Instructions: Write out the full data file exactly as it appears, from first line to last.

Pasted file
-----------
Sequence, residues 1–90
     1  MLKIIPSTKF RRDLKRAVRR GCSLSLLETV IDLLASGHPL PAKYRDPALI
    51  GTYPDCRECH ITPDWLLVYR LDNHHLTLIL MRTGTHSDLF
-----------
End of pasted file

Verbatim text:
Sequence, residues 1–90
     1  MLKIIPSTKF RRDLKRAVRR GCSLSLLETV IDLLASGHPL PAKYRDPALI
    51  GTYPDCRECH ITPDWLLVYR LDNHHLTLIL MRTGTHSDLF